Star Wars: The Empire Strikes Back
By Mike Derderian
So where were we? Never mind, I just remembered.
It is a dark time for the rebellion. Although the Death Star has been destroyed, imperial troops have driven the rebel forces from their hidden base and pursued them across the galaxy. Evading the dreaded Imperial Starfleet, a group of freedom fighters led by Luke Skywalker has established a new secret base on the remote ice world of Hoth. The evil lord Darth Vader, obsessed with finding young Skywalker, has dispatched thousands of remote probes into the far reaches of space.
As John Willams’ music and trumpets flourish the moment, the Star Wars logo lights the dark spatial background, the above description glides over the screen in order to fill you in on the latest developments.
The short trailer at the beginning, a technique deployed by George Lucas in order to cut back on further production costs (imagine the costs if it was shot on film), provided the viewer with a brief and straight to the point smooth comeback to episode V. Unlike my column.
Released on May 1980, two years after its predecessor, The Empire Strikes Back is back with a vengeance and this time Darth Vader is really out to get them. Unlike the arid regions of planet Tatooine, the icy environment of Hoth brings in more impressive alien creatures and characters like the carnivorous Wampa and docile pet Tauntaun, which is used as a ride by the Echo Base troops at Hoth.
If you think that’s a weird place wait until you reach Dagobah, the planet on which dwells Jedi master Yoda—which in Sanskrit stands for warrior. This little green and funny creature—voiced by the master himself, Frank Oz—will become Luke’s mentor, who will teach him the ancient ways of the Jedi.
“Yes, a Jedi’s strength flows from the Force. But beware of the dark side. Anger, fear, aggression, the dark side of the Force are they. Easily they flow, quick to join you in a fight. If once you start down the dark path, forever will it dominate your destiny; consume you, it will, as it did Obi-Wan’s apprentice,” says Yoda to Luke, who in return answers, “Vader… Is the dark side stronger?”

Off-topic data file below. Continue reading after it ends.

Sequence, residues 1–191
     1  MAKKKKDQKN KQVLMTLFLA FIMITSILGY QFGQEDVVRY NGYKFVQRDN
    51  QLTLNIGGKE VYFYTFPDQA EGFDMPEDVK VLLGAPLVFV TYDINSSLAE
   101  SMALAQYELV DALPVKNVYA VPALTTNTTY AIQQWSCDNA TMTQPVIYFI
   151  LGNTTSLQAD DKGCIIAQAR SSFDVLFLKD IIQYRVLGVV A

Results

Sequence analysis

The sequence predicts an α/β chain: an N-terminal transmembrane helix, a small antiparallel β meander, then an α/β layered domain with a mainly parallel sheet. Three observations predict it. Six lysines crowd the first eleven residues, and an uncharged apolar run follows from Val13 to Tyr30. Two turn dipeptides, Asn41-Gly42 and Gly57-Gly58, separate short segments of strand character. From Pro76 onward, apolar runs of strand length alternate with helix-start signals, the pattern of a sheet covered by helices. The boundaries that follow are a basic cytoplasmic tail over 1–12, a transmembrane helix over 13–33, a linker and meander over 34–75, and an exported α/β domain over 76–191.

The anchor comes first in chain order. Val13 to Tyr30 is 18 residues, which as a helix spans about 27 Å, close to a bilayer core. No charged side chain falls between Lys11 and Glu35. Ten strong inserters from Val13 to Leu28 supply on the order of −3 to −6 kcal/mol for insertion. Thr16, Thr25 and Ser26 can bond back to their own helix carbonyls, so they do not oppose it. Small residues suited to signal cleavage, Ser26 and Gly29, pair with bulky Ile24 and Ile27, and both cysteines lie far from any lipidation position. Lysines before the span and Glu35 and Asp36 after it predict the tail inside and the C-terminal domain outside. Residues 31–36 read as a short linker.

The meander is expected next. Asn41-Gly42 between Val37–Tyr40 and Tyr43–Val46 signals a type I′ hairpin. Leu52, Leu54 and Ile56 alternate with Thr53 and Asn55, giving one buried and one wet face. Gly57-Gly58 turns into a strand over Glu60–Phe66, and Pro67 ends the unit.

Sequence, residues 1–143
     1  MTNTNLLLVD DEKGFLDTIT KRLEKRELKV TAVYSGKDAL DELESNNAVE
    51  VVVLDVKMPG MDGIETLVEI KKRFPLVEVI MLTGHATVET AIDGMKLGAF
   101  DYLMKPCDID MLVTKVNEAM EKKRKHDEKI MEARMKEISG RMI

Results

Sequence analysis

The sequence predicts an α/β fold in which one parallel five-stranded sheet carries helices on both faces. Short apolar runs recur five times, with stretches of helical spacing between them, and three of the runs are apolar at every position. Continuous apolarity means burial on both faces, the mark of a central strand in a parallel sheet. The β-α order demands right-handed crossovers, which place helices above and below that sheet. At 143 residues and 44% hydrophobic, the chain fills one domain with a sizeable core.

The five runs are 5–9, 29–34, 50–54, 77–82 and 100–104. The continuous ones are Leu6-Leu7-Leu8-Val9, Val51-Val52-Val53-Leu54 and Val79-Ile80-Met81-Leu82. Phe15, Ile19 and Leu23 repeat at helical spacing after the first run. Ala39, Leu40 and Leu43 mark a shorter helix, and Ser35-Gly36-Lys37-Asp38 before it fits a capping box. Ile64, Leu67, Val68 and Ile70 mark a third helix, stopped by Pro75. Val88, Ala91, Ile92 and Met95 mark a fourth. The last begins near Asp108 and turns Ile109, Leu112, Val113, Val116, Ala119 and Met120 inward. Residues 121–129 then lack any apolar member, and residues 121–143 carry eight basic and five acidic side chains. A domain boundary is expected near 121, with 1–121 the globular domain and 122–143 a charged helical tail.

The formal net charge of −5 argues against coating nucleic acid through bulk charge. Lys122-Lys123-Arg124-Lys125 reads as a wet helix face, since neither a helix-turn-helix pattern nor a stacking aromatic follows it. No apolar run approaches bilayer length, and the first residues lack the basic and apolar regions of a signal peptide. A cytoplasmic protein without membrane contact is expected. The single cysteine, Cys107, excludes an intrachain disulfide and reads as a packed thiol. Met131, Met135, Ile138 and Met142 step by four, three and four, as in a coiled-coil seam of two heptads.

In episode V, Lucas along with Leigh Brackett and Lawrence Kasdan, decided to act more like a writer than a director, leaving the chair to Irvin Kershner. With Lucas as writer and producer, the new director, whom provided the voice of Darth Vader himself before James Earl Jones recorded the final version, managed to maintain the flow of the Force and the Star Wars allure in its darkest of forms.
Packed with more heart gripping action sequences, like the Imperial Walkers attack on the rebel strong hold, the Millennium Falcon’s bold dash into a field of asteroids (probably inspired the 1996 Independence Day fighter jet gateway from attacking alien fighters) and not to mention the fascinating sky city, where Vader and Skywalker finally meet face to face in a duel that will leave you with a very shocking finale.
Miniatures and stop motion camera visual effects were very much used in this sequel. So, as you watch all of the above spectacular action you’ll discover that for a film produced in the late seventies, they are as great as current CGI visual effects.
For more than two decades, people grew a cult like fondness for Lucas’ galactic epic similar to the Beatle-mania of the Sixties. Fans, especially children who eventually grew into adulthood, all over the world loved Vader’s dark side and charismatic presence (evil at its best), Luke Skywalker’s fragility, in addition to the reckless warrior lying deep in Solo; however, some of those fans took a detour by loving one of the less developed Star Wars villains known as Bobba Fett (Jeremy Belloch), the ruthless bounty hunter.
The missing link regarding this man hunter whose physical appearance and armament is no less impressive than Vader himself, was compensated in Lucas’ Star Wars 2002 prequel episode II Attack of the Clones in which we are introduced to both Bobba and his father Jango Fett, the menacing Jedi hunter. Lucas’ genius and vivid imagination allowed thousands of fans the chance to take a glimpse into Fett’s psyche that never submerged in any of the latter episodes. Now if you are awaiting further elaborations on Star Wars characters, you’ll have to wait until next week’s column.
Going back to our film, after a bold asteroid adventure and a close encounter with a giant space warm—don’t ask, go rent the film—the Millennium Falcon heads to planet Bespin, and to be more exact to Sky City, a suburban complex sustained in midair by gravity resistant engines, which is run by Lando Calrissian (Billy Dee Willams), an old friend of Solo. Or is he? Little does Han, Leia, C-3PO, R2-D2 and Chewbacca, whom was given a more favorable acting space and more Wokie dialogue, know of what awaits them there.
The Empire Strikes Back is a superb revelation that will place the viewer deep into the origin of this galactic saga of fathers and sons, good and evil and Zen philosophy offered to you by Yoda. So use the Force and go to your local video store.